Partial knee replacement more cost-effective than TKR for knee osteoarthritis
Oxford, UK: Partial knee replacement (PKR) should be considered the first choice for patients with late-stage isolated medial compartment osteoarthritis -- is the key takeaway from a study by Oxford researchers published in the journal The Lancet.
This is based on the finding that PKR had lower costs and better cost-effectiveness during the 5-year study period. Whilst both total knee replacement (TKR) and PKR were found to be equally effective, offered similar clinical outcomes and resulted in a similar incidence of complications and re-operations.
Knee replacement is an effective, common procedure for the patients with osteoarthritis of the knee. There are two main surgical options for late-stage medial compartment osteoarthritis of the knee -- total knee replacement or partial knee replacement. The best option for the treatment remains uncertain due to the lack of evidence to inform the cost-effectiveness and clinical effectiveness of either management approach.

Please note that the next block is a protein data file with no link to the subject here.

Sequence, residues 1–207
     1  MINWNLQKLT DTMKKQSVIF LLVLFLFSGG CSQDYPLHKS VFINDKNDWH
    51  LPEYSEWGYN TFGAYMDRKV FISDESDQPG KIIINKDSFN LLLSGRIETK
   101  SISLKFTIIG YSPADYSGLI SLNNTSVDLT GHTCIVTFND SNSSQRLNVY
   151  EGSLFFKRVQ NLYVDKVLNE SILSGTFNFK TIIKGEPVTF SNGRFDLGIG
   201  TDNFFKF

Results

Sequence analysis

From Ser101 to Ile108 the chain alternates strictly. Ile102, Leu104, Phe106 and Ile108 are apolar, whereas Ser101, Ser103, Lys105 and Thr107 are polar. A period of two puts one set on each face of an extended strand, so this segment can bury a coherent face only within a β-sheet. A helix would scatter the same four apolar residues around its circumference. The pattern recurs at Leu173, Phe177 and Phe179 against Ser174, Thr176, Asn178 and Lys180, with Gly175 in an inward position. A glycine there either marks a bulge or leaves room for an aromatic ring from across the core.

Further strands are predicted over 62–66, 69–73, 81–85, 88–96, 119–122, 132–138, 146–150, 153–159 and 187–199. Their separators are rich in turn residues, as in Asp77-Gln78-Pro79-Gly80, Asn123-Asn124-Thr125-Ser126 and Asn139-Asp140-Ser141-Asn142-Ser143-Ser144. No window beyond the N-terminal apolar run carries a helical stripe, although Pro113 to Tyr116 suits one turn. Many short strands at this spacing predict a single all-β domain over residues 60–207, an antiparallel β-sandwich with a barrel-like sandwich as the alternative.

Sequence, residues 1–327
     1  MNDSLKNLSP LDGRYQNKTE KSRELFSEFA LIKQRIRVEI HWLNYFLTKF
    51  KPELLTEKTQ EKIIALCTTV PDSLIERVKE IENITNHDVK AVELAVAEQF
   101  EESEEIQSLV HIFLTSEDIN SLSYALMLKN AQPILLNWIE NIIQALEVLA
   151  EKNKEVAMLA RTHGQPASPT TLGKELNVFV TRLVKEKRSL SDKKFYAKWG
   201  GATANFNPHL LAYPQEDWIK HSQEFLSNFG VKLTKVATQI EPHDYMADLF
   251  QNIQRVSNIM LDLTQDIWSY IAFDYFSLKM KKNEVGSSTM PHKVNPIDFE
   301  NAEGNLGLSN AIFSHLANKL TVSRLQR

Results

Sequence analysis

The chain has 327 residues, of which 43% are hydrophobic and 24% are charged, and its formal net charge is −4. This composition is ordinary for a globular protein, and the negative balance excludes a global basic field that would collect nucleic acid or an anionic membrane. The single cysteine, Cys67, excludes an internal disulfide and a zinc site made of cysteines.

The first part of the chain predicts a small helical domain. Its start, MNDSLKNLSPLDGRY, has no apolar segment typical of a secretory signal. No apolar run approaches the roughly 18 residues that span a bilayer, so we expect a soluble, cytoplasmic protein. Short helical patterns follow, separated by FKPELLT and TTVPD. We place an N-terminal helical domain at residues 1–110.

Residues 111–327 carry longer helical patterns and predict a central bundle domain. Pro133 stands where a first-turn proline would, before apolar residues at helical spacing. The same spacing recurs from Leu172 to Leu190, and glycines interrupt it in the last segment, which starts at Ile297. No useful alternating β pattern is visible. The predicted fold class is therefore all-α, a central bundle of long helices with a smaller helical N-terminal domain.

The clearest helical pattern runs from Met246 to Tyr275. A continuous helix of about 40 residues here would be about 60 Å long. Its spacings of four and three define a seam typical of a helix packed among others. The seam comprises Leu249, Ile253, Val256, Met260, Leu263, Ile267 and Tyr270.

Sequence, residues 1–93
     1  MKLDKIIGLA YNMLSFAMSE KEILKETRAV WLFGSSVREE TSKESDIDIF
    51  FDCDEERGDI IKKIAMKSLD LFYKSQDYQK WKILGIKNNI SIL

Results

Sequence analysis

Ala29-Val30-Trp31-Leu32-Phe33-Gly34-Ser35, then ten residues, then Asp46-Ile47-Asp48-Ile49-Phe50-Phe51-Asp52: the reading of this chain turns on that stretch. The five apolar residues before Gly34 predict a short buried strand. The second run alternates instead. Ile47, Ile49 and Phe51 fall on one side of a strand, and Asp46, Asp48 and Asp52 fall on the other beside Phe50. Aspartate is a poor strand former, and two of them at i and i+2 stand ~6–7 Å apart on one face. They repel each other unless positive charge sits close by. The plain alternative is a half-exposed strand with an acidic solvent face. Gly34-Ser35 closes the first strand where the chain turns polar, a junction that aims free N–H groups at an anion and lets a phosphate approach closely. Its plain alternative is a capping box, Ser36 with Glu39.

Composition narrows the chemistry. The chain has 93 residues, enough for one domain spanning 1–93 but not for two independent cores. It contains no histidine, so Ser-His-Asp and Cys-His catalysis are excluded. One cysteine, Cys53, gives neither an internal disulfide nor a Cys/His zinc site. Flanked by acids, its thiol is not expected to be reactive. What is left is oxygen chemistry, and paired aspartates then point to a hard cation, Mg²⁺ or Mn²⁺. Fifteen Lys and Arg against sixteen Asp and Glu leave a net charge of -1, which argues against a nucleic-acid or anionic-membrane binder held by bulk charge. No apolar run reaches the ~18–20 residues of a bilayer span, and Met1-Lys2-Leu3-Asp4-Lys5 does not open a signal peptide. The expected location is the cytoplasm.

In this multicenter, pragmatic randomized controlled trial, the researchers assessed 62 patients for their eligibility, of whom 431 (45%) patients were excluded (121 [13%] patients did not meet the inclusion criteria and 310 [32%] patients declined to participate) and 528 (55%) patients were randomly assigned to groups. This was done across 27 UK sites from Jan 18, 2010, and Sept 30, 2013. The eligible patients were randomly assigned in the ratio 1:1 to receive PKR or TKR by the surgeons who were either expert in and willing to perform both surgeries or by a surgeon with particular expertise in the allocated procedure.
The primary endpoint was the Oxford Knee Score (OKS) 5 years after randomisation in all patients assigned to groups.
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Key findings of the study include:
- 94% of participants responded to the follow-up survey 5 years after their operation.
- At the 5-year follow-up, no difference was found in OKS between groups.
- PKR was more effective (0·240 additional quality-adjusted life-years) and less expensive (−£910) than TKR during the 5 years of follow-up.
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"This finding was a result of slightly better outcomes, lower costs of surgery and lower follow-up health-care costs with PKR than TKR," wrote the authors.
"We suggest that PKR should be considered the first choice for patients with late-stage isolated medial compartment osteoarthritis," concluded the authors.
To read the complete study follow the link: https://doi.org/10.1016/S0140-6736(19)31281-4